And as for changes- I would be shocked if there weren't at least some changes to the OT, as JT mentioned there is NO "source" but the finished prints, and some stuff may have to be completely re-created, with GL's direction no doubt- thinking about having to isolate every element of the "initial assault" on the imperial fleet in ROTJ, it might be easier to re-assemble, if you get my meaning, I am excited about the OT at least in this form, now we just gotta see how much them goggles will set a theatre back and how many want on board, cos from the sound of it I imagine they wouldn't be dirt cheap
:beard:

Kidhuman
05-30-2006, 08:53 AM
Just a quick question, why is this in Gen Disc and not in SW movies?


This is good news. I cant wait to see these in 3-D. I understand why he is doing it 1-6, but would much rather see it 4-6 and 1-3.

Exhaust Port
05-30-2006, 11:07 AM
Why would they need a 300 millisecond shift in the glasses, is the frame rate of the projector going to be increased that the glasses would have to be that fast?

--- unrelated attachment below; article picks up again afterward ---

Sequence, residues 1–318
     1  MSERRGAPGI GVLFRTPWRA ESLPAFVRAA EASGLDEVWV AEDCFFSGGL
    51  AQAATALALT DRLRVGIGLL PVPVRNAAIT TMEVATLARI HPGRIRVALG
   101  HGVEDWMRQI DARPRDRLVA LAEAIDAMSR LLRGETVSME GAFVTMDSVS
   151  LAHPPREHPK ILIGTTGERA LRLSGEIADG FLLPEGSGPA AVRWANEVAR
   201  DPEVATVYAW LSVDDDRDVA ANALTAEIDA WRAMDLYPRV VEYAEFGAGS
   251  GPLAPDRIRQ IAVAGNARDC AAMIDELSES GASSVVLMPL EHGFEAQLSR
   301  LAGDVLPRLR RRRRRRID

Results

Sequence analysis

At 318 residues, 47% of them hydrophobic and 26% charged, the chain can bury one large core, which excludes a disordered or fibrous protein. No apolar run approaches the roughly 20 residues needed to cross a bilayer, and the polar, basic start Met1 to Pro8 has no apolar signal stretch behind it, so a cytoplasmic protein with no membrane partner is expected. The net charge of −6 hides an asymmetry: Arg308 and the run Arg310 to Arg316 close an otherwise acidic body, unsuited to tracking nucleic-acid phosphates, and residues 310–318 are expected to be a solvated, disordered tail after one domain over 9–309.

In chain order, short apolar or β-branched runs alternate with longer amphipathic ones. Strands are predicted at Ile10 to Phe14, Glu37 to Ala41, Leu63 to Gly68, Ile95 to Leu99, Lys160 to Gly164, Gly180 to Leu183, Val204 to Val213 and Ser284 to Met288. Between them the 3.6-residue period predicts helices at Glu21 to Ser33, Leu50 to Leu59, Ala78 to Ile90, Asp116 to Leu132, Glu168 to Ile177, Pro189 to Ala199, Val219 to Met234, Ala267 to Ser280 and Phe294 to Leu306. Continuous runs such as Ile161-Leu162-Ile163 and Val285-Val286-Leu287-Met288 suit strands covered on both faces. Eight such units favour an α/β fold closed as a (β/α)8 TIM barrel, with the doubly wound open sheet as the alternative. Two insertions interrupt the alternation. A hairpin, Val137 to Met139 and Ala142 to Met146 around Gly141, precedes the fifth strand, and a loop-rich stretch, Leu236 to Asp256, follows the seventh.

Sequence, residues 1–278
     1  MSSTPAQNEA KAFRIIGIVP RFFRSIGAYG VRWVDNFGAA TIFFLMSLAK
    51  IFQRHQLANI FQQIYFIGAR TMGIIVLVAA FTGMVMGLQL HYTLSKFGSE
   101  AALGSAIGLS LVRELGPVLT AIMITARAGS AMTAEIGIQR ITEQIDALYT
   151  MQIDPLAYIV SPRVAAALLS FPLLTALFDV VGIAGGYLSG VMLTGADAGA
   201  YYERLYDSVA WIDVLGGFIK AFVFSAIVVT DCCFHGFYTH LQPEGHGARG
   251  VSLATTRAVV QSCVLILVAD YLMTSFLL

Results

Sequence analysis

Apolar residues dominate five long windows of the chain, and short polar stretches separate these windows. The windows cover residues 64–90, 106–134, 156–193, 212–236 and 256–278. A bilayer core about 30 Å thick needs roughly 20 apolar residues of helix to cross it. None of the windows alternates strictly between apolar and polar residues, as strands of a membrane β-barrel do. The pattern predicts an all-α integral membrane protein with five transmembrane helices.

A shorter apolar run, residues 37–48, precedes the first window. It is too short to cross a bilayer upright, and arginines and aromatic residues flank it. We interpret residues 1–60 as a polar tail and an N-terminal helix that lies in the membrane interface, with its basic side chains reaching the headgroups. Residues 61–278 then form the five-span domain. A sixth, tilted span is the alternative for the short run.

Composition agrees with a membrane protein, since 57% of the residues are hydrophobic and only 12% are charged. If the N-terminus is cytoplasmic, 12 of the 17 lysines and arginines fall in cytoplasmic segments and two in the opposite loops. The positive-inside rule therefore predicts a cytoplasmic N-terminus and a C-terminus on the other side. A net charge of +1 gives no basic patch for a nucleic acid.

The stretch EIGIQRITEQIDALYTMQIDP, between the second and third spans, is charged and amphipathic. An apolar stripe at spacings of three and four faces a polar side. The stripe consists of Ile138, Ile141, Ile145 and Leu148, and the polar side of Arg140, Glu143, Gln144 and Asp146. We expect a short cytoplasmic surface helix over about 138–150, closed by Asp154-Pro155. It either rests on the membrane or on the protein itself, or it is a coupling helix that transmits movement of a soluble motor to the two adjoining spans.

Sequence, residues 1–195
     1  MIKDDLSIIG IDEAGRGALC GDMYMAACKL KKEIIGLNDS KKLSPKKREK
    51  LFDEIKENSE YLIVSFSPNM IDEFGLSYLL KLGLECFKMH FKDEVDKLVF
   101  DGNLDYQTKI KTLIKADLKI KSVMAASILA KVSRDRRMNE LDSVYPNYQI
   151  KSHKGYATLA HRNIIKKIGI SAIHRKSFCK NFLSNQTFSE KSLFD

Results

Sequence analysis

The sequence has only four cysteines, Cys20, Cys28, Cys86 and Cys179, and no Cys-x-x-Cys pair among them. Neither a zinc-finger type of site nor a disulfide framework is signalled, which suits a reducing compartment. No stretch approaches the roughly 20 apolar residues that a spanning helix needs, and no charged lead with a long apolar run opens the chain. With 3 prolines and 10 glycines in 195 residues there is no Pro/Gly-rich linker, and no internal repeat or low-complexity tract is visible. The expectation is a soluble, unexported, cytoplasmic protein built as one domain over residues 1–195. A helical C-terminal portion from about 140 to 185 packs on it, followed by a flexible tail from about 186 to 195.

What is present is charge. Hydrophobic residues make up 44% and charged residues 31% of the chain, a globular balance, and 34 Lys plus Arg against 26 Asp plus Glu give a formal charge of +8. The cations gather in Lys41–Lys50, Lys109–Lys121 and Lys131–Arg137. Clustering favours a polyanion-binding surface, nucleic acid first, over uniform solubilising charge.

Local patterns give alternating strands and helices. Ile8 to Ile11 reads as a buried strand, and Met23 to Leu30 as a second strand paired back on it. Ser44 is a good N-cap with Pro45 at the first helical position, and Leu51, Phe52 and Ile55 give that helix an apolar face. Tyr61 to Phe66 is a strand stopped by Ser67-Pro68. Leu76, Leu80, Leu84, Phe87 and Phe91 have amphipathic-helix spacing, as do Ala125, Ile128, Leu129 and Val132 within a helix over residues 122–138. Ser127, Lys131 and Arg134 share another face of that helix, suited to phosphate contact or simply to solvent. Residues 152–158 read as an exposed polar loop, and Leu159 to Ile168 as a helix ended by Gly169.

Slicker
05-30-2006, 11:59 AM
BTW, great job using IMG code to link us to your harddrive Slicker. :p I can't tell which is funnier, that it's a local-drive link or that you're trying to use IMG code at all. :DI have no clue how the hell that happened. Quite perplexing though especially since I literally have nothing saved on my hard drive that I could even try to link to. I only started using this computer a week or so ago and don't wanna save anything on it since I've just gotta slick it again when I get my new OS.







I fail at technology obviously.

2-1B
05-30-2006, 01:03 PM
Jar Jar's eyestalks should look pretty cool in 3D.

Jargo
05-30-2006, 04:13 PM
so if the glasses cost twenty dollars each and then you have to sterilise between uses, that's gonna push ticket prices up. Also, will it matter about screen size or auditorium size as in will those at the back of an auditorium have the same clarity as those at the front.

and if it's LCD glasses then isn't it just a short step to home use? on a high def tv it should be possible to achieve something similar by tweaking the way the glasses refresh images.

I like this idea more than the holographic imagery that we discussed before the great shutout of SSG.... *shudder*